OpenAPI arrays are not respecting spec?


I’m using V5.9.0 and it looks like the OpenAPI feature generates an invalid definition for arrays. The values for items have their own value property which does not seem to be valid according to the specification.

I tried rewriting the items property myself in an OpenAPI filter like so:
but the result is the same. How can I remove that value property?

Generated JSON:

          "IEnumerable_TaskInfo_": {
            "title": "IEnumerable<TaskInfo>",
            "type": "array",
            "items": {
               "$ref": {
					"value": "#/definitions/TaskInfo"

I am expecting something like this:

          "TaskInfos": {
            "title": "TaskInfos",
            "type": "array",
            "items": {
               "$ref": "#/definitions/TaskInfo"

I can’t repro this, all List<T>, T[] and IEnumerable<T> all generate the expected "items" { "$ref": "ref" }.

Also you shouldn’t be using interface properties in DTOs, i.e. just use the concrete List<T>.

What’s the actual DTO that generates this, it doesn’t look like it’s a property.

This took some time to figure out. I found this somewhere deep in bootstrap of that application:

JsConfig<Dictionary<string, object>>.OnSerializingFn = SomeMethodToSerializeDictionaries

So the issue is not related to ServiceStack. Someone had the fantastic idea to customize the Dictionary<string, object> type and from what I see I have to keep this customization for backward compatibility. I’ll have to figure something out to fix this issue.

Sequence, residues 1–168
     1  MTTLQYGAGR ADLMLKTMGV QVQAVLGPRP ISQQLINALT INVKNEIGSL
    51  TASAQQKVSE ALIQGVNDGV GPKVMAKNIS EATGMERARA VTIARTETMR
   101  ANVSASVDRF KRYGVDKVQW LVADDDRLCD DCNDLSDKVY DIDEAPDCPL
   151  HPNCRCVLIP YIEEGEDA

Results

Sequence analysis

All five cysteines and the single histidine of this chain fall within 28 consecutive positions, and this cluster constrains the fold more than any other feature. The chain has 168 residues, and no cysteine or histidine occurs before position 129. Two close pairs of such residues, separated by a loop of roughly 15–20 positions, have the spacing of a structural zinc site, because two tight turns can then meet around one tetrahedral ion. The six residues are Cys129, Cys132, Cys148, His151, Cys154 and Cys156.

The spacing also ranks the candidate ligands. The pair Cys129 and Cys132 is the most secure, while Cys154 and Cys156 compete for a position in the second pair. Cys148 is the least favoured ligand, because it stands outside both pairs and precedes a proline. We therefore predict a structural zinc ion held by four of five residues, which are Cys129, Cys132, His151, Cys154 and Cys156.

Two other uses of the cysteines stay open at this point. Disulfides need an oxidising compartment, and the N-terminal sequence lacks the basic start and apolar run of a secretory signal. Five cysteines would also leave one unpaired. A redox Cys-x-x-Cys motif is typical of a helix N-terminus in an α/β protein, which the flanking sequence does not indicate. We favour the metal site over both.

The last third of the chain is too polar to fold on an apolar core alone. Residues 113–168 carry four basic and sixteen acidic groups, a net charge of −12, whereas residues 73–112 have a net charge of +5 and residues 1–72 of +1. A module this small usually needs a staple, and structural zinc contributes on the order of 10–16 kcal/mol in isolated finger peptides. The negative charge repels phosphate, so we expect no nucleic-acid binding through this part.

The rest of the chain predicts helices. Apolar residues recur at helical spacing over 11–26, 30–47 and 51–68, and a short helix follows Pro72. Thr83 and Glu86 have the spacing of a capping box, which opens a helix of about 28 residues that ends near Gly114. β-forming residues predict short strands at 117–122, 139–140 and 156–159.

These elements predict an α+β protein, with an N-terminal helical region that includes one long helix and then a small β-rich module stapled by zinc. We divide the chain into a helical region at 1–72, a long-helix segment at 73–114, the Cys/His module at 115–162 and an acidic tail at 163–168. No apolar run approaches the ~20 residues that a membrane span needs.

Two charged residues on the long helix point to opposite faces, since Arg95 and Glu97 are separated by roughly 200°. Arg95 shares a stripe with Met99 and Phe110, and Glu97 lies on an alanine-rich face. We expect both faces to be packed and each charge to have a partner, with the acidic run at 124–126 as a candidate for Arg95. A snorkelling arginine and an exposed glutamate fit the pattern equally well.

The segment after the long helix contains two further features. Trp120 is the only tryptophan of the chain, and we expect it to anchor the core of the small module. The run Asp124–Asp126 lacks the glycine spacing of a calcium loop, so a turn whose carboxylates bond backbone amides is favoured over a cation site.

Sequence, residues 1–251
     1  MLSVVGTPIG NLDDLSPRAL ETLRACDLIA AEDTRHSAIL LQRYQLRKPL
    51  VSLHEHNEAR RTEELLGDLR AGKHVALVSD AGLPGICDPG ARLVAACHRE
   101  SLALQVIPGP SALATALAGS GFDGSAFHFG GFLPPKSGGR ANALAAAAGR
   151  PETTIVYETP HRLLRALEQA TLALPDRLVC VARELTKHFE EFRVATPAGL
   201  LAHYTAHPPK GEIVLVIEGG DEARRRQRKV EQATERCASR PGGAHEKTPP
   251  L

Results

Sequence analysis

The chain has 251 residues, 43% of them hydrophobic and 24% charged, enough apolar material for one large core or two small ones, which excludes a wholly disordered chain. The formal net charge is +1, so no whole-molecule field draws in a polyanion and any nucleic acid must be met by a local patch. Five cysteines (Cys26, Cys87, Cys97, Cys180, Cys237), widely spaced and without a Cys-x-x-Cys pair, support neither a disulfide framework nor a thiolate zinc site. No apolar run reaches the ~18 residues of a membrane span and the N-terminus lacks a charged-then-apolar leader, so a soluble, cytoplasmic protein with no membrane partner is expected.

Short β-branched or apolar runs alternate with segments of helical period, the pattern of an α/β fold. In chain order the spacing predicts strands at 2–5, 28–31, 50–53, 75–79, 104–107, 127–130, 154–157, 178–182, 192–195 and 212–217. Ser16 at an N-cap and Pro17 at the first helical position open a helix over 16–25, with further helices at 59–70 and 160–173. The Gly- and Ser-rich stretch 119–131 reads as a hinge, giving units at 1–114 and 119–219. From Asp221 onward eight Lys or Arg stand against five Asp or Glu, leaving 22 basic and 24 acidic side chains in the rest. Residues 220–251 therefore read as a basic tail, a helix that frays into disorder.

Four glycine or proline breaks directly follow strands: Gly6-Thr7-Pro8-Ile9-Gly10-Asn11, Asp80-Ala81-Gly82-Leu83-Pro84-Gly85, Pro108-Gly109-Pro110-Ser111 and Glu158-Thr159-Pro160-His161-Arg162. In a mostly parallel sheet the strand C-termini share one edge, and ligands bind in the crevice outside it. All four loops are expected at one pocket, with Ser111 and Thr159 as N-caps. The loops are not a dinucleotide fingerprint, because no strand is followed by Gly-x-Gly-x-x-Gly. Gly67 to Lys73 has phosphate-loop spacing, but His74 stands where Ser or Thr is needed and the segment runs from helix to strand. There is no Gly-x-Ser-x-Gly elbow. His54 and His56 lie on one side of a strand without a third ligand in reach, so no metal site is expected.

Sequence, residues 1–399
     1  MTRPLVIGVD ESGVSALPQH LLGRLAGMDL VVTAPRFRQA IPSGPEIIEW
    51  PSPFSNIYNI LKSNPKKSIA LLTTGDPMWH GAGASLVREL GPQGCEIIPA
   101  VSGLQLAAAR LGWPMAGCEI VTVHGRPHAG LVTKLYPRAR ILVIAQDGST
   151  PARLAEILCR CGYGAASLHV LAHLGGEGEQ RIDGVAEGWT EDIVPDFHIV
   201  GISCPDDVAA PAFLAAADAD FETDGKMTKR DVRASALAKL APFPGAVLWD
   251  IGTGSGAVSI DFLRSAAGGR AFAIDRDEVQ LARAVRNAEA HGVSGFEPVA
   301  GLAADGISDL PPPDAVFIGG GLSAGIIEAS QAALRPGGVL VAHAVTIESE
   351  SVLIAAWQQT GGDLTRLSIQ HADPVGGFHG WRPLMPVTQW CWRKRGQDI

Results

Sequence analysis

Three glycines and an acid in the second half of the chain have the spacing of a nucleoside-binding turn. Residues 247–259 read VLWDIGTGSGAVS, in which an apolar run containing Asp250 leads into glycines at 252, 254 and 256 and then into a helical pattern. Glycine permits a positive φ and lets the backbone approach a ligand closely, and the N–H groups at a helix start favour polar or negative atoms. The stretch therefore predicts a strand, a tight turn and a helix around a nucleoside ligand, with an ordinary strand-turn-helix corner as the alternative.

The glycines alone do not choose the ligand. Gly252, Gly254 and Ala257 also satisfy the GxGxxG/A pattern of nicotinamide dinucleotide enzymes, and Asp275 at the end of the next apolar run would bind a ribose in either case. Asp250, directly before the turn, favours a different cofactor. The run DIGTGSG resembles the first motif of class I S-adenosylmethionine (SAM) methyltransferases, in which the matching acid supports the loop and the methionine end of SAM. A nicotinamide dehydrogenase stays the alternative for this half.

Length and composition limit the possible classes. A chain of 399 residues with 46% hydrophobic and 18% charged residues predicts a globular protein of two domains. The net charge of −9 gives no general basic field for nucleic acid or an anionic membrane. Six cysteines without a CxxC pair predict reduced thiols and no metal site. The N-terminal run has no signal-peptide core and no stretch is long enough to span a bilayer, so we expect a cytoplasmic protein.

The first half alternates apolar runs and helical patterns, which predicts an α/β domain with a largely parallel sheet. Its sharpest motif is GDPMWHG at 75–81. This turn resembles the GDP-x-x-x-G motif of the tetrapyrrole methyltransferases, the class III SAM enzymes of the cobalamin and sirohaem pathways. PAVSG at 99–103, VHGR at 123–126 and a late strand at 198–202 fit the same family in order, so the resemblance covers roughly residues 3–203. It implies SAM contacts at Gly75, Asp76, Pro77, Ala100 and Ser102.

Is it possible to customize JsConfig for a specific request? I saw that it is possible to customize some properties from the client but it doesn’t look like I can change the serialization for a specific type.

I doubt it is possible but it would help if I could ignore that custom JsConfig<Dictionary<string, object>> serialization in the /openapi request.

No it’s not possible and IMO relying on customizing core collections like Dictionary<string, object> is a bad idea, it’s used extensively in #Script and you’re likely to break other features.

I agree that’s it is a bad idea however I cannot easily go back on decision that were made ~10 years ago regarding that project. Thankfully we have no plan to use #Script so we won’t break that at least :slight_smile: .

Thanks for your help.

It’s also anywhere #Script is being used, e.g. in Declarative Validation. Either way messing with generic collections can cause runtime issues.